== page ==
This topic contains 1 reply, has 2 voices, and was last updated by Anonymous 11 years, 3 months ago.
January 9, 2007 at 12:25 am #1543
OXFORD, England (CNS) — Bishop Juan Asenjo Pelegrina of Cordoba, Spain, has rejected calls by Muslims to be allowed to worship in the Cordoba cathedral, which in medieval times was a mosque.
Bishop Asenjo said the Cordoba Diocese is “not against Muslims having a worthy place of worship, just as it also wishes this for Christians living in countries with a Muslim majority,” but “the shared use of Cordoba cathedral by Catholics and Muslims would not contribute to peaceful interfaith relations.”
Spain’s Islamic Board, which represents a community of 800,000 in the traditionally Catholic country of 44 million, recently wrote to Pope Benedict XVI requesting Vatican authorization to share the cathedral.
In a Dec. 27 statement responding to the request, Bishop Asenjo said he believed Cordoba’s “relatively small” Muslim minority — less than 1 percent of its 350,000 inhabitants — did not need extra facilities.
Bishop Asenjo said his diocese favored “relations of respect and appreciation” with Muslims and hoped to maintain dialogue.
However, he added, the Catholic Church held “irrefutable historic titles” to exclusive use of the cathedral and believed that sharing it would “only generate confusion among the faithful and give rise to religious skepticism.”
“The Christian roots of Cordoba and its 1,700-year Christian history deserve respect,” said the bishop. “Catholics in Cordoba wish to live in peace with believers of other creeds. But we do not want to be continually subjected to pressure that contributes nothing.”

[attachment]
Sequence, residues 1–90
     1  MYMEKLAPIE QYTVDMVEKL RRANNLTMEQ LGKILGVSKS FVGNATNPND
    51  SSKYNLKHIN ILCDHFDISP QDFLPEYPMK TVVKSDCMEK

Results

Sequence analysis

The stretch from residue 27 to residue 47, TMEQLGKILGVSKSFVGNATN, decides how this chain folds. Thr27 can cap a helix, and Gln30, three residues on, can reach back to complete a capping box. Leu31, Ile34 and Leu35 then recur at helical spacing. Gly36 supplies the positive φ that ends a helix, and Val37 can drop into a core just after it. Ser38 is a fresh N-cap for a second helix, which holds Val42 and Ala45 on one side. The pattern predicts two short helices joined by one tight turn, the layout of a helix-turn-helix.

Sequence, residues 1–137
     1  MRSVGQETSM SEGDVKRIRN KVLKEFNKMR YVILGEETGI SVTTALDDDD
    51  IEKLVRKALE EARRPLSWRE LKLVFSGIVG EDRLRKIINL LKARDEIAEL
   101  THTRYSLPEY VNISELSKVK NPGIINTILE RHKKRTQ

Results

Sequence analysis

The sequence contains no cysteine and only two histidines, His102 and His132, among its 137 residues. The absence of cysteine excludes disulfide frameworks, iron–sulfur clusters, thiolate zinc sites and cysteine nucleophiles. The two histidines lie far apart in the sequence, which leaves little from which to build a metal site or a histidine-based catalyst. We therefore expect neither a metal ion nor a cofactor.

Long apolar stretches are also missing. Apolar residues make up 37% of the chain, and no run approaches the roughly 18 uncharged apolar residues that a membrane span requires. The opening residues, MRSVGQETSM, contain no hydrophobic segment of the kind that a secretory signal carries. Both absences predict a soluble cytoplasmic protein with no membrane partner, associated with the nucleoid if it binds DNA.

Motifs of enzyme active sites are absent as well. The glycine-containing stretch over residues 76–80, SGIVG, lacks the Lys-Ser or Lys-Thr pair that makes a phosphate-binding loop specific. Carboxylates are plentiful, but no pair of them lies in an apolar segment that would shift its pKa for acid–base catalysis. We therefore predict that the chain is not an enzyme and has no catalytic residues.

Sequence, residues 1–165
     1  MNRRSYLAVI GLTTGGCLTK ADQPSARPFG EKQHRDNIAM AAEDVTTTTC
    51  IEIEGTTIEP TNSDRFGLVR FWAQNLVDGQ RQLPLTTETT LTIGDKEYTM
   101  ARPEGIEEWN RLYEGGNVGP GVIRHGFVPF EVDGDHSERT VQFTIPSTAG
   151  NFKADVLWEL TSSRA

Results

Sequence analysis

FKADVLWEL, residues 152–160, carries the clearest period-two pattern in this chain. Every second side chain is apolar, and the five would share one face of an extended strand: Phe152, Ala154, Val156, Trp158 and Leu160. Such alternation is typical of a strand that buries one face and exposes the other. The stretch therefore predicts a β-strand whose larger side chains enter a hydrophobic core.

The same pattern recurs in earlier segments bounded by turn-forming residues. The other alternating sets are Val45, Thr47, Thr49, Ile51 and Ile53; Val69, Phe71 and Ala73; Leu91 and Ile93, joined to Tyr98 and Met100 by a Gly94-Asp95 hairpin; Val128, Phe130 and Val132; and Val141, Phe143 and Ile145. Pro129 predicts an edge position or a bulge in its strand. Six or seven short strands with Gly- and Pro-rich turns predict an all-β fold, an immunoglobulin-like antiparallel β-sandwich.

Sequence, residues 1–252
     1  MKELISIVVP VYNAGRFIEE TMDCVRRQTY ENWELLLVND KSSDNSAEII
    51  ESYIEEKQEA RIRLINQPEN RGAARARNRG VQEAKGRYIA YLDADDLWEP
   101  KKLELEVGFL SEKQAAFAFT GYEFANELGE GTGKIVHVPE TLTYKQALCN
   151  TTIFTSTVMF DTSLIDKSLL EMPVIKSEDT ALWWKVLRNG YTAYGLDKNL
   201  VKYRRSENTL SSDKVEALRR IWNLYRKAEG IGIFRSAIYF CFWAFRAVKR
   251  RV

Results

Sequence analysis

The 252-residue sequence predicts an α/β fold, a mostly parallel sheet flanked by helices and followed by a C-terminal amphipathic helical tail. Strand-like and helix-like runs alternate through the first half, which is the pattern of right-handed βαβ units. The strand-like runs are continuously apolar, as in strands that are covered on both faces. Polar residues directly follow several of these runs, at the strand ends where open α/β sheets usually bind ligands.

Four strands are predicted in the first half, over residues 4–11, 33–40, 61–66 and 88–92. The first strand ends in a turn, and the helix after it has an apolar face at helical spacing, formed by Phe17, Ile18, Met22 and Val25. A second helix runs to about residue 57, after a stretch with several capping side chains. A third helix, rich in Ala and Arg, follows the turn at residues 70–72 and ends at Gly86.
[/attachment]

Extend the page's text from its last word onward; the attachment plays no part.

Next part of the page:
Built in 785 on the ruins of a Visigothic basilica, Cordoba’s 70,000-square-foot mosque was turned into a cathedral after the city’s recapture from the Moors by King Ferdinand III in 1236. It was dedicated as a cathedral in 1523.
In 2004, a group of Muslims demanded the right to worship in the cathedral, but they were criticized by Archbishop Michael Fitzgerald, then-president of the Pontifical Council for Interreligious Dialogue.
Mansur Escudero, the Islamic Board’s secretary-general, said Dec. 26 he had relayed the most recent request to the pope, hoping to “awaken the consciences” of Catholics and Muslims and help bury past confrontations.
http://www.catholicnews.com/data/storie … 700064.htmJanuary 9, 2007 at 9:56 pm #7668
I think Pope John Paul II is a perfect example of the latitude that we find in the Catholic Church to express our own individual personalities, and still remain within the Catholic fold. However I think that under the Pontificate of Pope Benedict, we may see more bishops around the world following his lead, and growing a spine. Drawing clearly observable lines that distinguish what is and is not acceptable for Catholic and Non-Catholics does not in fact distance us from our Non-Catholic and Non-Christian Brothers and Sisters, but rather is like the lamp that shines for all to see. Under the Pontificate of Pope John Paul II (In my fully fallible opinion) The light of the Catholic Faith, was guarded by the Pope, but sometimes hidden under a bushel, in order to not offend other religions. Putting the “Fullness of the Truth” as an example and standard to follow is a strength I see in our New Pope. I hope we are all praying for him.
Oh God, the shepherd and guide of all the faithful, look with favor upon Thy servant Benedict, whom Thou hast been pleased to place as pastor over Thy Church. Grant him, we beseech Thee, to help by word and example those over whom he rules, so that, together with the flock entrusted to him, he may reach everlasting life. Amen.
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